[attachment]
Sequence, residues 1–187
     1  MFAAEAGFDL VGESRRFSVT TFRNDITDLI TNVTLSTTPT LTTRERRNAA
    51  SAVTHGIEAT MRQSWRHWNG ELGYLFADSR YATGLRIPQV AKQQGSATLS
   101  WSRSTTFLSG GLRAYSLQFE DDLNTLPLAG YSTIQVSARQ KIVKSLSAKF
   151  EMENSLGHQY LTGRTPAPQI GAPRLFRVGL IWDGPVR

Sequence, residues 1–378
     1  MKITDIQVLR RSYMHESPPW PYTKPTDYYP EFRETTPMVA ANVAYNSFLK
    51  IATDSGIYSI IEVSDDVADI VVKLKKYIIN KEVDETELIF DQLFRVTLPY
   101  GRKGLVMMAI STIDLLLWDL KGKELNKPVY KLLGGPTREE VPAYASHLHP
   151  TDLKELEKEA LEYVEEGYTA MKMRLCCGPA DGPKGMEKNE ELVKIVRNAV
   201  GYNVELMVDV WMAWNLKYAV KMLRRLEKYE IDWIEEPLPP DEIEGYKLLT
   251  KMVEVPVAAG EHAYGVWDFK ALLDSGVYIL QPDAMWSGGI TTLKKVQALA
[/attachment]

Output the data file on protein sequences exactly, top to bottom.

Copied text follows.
Sequence, residues 1–187
     1  MFAAEAGFDL VGESRRFSVT TFRNDITDLI TNVTLSTTPT LTTRERRNAA
    51  SAVTHGIEAT MRQSWRHWNG ELGYLFADSR YATGLRIPQV AKQQGSATLS
   101  WSRSTTFLSG GLRAYSLQFE DDLNTLPLAG YSTIQVSARQ KIVKSLSAKF
   151  EMENSLGHQY LTGRTPAPQI GAPRLFRVGL IWDGPVR

Sequence, residues 1–378
     1  MKITDIQVLR RSYMHESPPW PYTKPTDYYP EFRETTPMVA ANVAYNSFLK
    51  IATDSGIYSI IEVSDDVADI VVKLKKYIIN KEVDETELIF DQLFRVTLPY
   101  GRKGLVMMAI STIDLLLWDL KGKELNKPVY KLLGGPTREE VPAYASHLHP
   151  TDLKELEKEA LEYVEEGYTA MKMRLCCGPA DGPKGMEKNE ELVKIVRNAV
   201  GYNVELMVDV WMAWNLKYAV KMLRRLEKYE IDWIEEPLPP DEIEGYKLLT
   251  KMVEVPVAAG EHAYGVWDFK ALLDSGVYIL QPDAMWSGGI TTLKKVQALA